The Relationship between the Political and the Economic in the Transformations in Eastern Europe: Continuity and Discontinuity and the Problem of Models

By Melich, Jiri S. | East European Quarterly, Summer 2000 | Go to article overview
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The Relationship between the Political and the Economic in the Transformations in Eastern Europe: Continuity and Discontinuity and the Problem of Models


Melich, Jiri S., East European Quarterly


THE COMPLEX ISSUE OF TRANSFORMATION IN EASTERN EUROPE

When considering the phenomenal modalities of the transformations in Eastern Europe (EE) in general and the failure of the economic models applied in the region in particular, it becomes obvious that two areas have been underestimated by theory of transformation. First, little attention has been paid to the broader socio-cultural environment in post-communist countries. Second, the problem of hastily applied and unadjusted (neo-) liberal models has not been examined conclusively. Both areas are of course interrelated and connected to the issue of continuity and discontinuity in the Eastern European transformations. In this context, the problem of the inability of the political domain to create necessary conditions for a functioning standard market mechanism ought to be the focus of comprehensive assessment of transforming economies.

Modern political comparatists seem to know one or two things about political and policy requirements regarding development of capitalism; however, even if this is the case, what they know is often tentative and pertaining to the Western experience only. They have been divided over requirements and implications of capitalist formation processes elsewhere, particularly when dealing with conceptualization of this problematic in transforming post-communist societies. Not only we deal in the latter case with the fact that the assumed original and "natural" course and order of capitalist economic development had been once reversed or diverted in the region and had to be created or recreated, but also with the fact that this (re-) birth of liberal democracy and market have been hampered by the surviving obstinate legacies of the collapsed communist monopolist rule (state socialism). As a result, in EE we have faced the complex and interrelated processes enfolding simultaneously without any proven blueprint or precedent, to which some refer to as the multifaceted transformation.(1) Accordingly, most students of Eastern Europe have agreed on that the economic and political aspects of transition/transformation have been very closely interrelated; though the modes of this relationship are so far rather underestimated in the theoretical and analytical work. The purpose of this paper is to investigate some aspects of the specific dynamism between the economic and the political spheres--by bringing to attention some inadequacies in the attempts to graft liberal (or "neo-liberal") models of capitalism (that have been the end-results of many decades of unique evolution in the Western societies) on societies with distinct cultural characteristics and existing in a different historical era.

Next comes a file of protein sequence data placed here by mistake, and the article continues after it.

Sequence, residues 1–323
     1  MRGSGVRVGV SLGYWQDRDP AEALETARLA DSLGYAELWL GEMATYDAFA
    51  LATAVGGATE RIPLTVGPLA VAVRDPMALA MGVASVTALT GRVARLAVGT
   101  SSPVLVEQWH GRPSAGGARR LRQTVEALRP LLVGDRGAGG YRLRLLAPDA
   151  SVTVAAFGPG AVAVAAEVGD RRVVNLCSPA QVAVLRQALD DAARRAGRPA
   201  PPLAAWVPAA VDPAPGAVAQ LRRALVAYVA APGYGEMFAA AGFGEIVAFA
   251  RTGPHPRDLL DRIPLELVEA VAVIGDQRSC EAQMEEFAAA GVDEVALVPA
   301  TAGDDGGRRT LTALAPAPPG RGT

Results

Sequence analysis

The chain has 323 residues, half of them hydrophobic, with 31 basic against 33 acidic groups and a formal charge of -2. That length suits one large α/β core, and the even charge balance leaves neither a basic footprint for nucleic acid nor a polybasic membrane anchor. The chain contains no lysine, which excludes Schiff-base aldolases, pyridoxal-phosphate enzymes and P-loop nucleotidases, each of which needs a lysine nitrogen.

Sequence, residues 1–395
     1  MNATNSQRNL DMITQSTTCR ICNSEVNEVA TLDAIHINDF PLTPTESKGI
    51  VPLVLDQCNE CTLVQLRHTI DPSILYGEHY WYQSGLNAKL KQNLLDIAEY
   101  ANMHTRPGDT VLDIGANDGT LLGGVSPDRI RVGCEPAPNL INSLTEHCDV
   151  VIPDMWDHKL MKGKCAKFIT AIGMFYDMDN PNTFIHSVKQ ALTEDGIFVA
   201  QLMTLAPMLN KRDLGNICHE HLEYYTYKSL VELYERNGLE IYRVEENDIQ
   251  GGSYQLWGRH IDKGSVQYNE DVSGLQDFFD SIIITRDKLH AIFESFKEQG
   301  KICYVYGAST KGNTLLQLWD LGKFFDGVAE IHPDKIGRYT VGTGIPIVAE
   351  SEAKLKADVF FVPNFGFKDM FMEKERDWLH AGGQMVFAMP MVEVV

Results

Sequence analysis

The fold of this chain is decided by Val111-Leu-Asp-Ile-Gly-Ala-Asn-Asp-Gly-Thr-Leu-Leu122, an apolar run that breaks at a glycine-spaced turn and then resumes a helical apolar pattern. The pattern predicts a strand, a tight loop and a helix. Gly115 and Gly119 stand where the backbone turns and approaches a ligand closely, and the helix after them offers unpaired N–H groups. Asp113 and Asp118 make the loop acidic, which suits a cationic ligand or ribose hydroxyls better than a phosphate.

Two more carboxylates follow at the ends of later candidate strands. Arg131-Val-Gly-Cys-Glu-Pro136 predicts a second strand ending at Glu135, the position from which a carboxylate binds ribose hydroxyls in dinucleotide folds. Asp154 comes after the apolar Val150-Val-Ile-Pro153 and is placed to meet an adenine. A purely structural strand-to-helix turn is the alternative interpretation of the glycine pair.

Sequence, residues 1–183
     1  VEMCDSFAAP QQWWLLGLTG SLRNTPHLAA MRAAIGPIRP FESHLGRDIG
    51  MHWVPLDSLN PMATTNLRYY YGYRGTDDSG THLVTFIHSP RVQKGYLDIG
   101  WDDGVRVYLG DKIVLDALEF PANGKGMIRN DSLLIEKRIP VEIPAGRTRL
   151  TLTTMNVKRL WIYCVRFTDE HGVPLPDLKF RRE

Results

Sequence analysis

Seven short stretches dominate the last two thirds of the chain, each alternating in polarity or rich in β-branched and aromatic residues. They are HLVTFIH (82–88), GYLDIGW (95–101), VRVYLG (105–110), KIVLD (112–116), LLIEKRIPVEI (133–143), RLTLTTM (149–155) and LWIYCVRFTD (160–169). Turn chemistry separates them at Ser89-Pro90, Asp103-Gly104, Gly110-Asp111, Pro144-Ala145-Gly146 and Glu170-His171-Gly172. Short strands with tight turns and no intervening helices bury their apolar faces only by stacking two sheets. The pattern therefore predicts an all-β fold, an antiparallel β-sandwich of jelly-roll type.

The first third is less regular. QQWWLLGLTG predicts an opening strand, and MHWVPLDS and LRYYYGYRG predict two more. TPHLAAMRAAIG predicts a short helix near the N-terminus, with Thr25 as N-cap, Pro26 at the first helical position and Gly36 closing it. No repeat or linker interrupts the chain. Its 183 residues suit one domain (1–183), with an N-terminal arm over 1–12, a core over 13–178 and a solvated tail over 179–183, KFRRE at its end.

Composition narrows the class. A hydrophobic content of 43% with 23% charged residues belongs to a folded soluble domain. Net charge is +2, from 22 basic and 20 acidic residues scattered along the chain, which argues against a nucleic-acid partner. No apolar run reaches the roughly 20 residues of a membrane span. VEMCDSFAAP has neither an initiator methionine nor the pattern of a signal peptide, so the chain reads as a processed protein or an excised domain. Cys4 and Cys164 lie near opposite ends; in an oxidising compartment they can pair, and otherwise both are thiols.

PARADOXES OF INHERENT CONDITIONS IN EASTERN EUROPEAN TRANSFORMATION

At the centre of an analytical assessment of the dynamics of the transformation processes is the dilemma of continuity versus discontinuity; continuity as embodied in the legacies of communist rule and discontinuity as a deliberate effort to reorganize the system from the previous "communist" one. In an "ideal" model of post-communist transformation, reform discontinuities ought to take into full account the nature and the scale of continuities, especially those on the social and cultural levels (however not limited to these spheres only)--which has very rarely been the case.

Multiple and simultaneous transitions in post-communist Eastern Europe have also meant more or less parallel beginnings of the political and economic transitions. Nevertheless, political transition (understood here as the change of the regime) has been completed faster that economic transition. According to Balcerowicz, this asymmetry "produces a historically new sequence: mass democracy l(or at least political pluralism, i.e., some degree of legal political competition) first, and market capitalism later."(2) Although this may not apply to all post-communist states to the same degree, most of them have been affected by a set of tensions within this asymmetry.

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